Carefully remove the wire from the wire terminals on the top of the compressor capacitor. This is easier if you use needle nose pliers to gently grip the wire connectors before you pull them. The wire from the condenser connects to the capacitor that’s marked with a label marked “Com.” The wire from the compressor connects to the “Herm” terminal on the capacitor.

 

5. Check the Capacitance

 

Take out your multimeter and change it to the capacitance setting. The hold the multimeter lead to each capacitor terminal and compare that reading to the capacitance rating for the capacitor. The capacitance rating can be found on the identification sticker on the capacitor. The multimeter reading should remain with 10% of the capacitor rating. If this is not the case, replace the capacitor unit and reattach the condenser wires to their respective terminals on the capacitor unit.

 

6. Remove the Compressor Cover

 

Take your slotted screwdriver and slip it into the small slot that you should find on the side of the compressor wire terminal cover. Gently lever at the cover to pry it loose, remove it and set it to one side safely out of the way.

 

7. Inspect the Wire Connectors

 

Carefully inspect the wire connectors that are attached to the terminals for the compressor. If the terminals look like they are burnt or they don’t grip the terminals you should use a compressor terminal repair kit to replace the affected wire connectors. The terminal repair kit should contain full instructions on how to use it, and these should be followed carefully. Pay special attention to how the kit approaches wire splicing. Once you’ve finished, replace the terminal cover for the compressor.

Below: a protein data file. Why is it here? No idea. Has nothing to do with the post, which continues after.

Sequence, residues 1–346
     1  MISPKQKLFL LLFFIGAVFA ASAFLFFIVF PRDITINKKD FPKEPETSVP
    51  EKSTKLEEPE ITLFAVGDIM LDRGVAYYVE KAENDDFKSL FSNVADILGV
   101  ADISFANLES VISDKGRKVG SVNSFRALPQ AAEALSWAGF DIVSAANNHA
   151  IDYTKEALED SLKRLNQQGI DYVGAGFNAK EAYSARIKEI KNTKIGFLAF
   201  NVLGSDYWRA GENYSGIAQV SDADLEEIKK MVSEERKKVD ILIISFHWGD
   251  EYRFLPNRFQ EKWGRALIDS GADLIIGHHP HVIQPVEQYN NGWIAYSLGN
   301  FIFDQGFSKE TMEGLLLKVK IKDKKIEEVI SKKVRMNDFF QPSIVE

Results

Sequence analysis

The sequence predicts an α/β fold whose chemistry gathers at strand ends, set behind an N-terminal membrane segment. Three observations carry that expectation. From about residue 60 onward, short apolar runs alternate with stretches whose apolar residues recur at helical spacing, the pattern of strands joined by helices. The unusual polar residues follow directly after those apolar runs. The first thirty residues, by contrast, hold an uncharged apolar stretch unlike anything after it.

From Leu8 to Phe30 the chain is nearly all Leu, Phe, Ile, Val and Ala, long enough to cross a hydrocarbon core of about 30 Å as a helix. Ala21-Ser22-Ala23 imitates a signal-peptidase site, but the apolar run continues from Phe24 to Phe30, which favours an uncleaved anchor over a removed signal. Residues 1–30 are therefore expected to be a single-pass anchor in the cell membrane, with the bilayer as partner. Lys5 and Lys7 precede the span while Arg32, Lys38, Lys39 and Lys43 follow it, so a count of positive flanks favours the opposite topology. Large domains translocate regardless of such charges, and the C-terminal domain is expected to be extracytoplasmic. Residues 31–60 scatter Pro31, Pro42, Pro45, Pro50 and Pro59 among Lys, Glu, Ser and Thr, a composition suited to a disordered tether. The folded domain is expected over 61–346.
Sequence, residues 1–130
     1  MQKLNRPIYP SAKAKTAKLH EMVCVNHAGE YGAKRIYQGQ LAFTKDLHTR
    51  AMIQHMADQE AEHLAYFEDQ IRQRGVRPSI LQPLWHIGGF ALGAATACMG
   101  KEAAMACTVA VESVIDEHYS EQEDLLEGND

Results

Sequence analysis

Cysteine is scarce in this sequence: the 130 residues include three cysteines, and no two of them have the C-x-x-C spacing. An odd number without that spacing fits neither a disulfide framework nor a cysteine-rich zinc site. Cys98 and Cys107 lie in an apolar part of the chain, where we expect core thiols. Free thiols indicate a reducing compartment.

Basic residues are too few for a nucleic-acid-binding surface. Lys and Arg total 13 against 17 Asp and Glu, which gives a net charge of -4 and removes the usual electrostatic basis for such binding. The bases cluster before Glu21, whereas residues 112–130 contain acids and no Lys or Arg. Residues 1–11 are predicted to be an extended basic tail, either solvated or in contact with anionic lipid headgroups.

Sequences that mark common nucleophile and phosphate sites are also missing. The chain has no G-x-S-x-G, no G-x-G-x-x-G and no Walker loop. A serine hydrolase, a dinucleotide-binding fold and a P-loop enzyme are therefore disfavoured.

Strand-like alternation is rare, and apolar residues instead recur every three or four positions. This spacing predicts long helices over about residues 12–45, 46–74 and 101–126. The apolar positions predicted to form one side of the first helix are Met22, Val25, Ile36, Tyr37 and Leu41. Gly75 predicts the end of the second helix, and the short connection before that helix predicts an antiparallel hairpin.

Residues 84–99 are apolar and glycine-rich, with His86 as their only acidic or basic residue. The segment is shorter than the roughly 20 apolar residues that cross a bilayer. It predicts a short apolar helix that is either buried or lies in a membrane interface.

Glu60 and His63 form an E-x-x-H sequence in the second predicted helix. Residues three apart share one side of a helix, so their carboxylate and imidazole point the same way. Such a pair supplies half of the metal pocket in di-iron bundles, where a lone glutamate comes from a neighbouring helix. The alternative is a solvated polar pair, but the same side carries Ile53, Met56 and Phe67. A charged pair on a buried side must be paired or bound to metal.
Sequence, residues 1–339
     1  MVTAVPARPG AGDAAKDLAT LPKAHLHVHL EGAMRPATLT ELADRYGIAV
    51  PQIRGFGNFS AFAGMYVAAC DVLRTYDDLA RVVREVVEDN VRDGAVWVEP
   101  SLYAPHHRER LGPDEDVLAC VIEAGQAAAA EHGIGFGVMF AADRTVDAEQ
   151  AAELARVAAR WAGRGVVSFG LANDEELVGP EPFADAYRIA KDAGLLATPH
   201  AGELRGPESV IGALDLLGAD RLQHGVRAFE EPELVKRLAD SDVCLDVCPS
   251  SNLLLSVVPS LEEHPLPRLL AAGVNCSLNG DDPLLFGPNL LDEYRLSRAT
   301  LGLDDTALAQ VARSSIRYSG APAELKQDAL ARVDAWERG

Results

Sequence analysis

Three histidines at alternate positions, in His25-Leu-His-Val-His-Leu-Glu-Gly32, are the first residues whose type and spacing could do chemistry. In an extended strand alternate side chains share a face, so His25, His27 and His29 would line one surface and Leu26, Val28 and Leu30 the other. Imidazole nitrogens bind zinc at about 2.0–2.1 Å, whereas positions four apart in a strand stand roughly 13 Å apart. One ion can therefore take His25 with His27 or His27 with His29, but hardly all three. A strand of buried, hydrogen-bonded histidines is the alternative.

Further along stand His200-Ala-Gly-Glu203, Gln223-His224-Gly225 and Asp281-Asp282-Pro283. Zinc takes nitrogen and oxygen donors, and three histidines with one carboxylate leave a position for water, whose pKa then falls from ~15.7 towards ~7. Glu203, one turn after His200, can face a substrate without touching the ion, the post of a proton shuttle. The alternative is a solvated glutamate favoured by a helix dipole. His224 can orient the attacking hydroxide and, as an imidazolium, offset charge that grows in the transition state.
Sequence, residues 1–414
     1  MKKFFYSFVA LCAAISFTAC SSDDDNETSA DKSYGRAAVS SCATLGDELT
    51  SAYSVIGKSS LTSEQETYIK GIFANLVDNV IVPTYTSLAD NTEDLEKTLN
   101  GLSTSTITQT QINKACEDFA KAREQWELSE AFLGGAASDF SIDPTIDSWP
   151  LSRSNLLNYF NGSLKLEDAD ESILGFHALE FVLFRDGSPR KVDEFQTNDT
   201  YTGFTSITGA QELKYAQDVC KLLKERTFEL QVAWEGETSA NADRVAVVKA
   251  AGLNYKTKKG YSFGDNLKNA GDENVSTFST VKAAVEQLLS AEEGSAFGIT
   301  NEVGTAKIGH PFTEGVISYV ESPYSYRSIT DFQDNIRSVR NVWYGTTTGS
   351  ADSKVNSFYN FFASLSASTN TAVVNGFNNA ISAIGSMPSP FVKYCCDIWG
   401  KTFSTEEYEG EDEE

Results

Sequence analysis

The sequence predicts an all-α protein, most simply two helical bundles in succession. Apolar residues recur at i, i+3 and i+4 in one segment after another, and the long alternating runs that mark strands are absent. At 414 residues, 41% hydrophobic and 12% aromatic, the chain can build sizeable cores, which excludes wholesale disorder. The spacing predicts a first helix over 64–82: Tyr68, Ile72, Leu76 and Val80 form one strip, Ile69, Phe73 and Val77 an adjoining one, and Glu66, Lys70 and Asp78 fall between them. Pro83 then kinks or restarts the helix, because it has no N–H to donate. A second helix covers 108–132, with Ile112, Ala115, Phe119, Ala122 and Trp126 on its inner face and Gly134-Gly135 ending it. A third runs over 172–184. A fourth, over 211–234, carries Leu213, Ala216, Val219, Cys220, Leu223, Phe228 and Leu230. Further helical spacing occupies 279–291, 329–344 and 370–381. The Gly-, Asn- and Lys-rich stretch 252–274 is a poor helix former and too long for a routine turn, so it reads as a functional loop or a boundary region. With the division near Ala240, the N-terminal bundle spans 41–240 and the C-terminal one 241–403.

8. Replace the Compressor Cover

 

Carefully replace the compressor cover for the condenser and tighten the retaining screws on the cover. Make sure to use the correct screwdriver head to avoid damaging the screws.

 

9. Connect the Multimeter

 

Take your multimeter and change it to the amperage setting. Then clamp the amperage probe to the black wire that leads into the common terminal in the compressor. Look for the Lock Rotator Amps (LRA) and Rated Load Amps (RLA) ratings on the identification label on the condenser. The LRA is the maximum startup amperage, and the RLA is the running amperage for the condenser.

 

10. Check the Amperage
Turn the condenser circuit back on and check the read out on your multimeter. The readout should closely match the LRA rating as the system starts up, and once the compressor reaches its full speed the multimeter readout should drop down to the RLA rating. Turn the condenser circuit breaker off, if the multimeter readout exceeds the LRA ratings you need to install a hard start capacitor. If this doesn’t solve the high LRA readout the compressor needs to be replaced. If the compressor has a high RLA readout check for a high level of refrigerant in the system and vice versa. If the compressor shows no amperage at all troubleshoot the contactor and defrost circuit board.

 

If you need a comprehensive air conditioning repair in Perth, contact Mouriz for expert help and advice.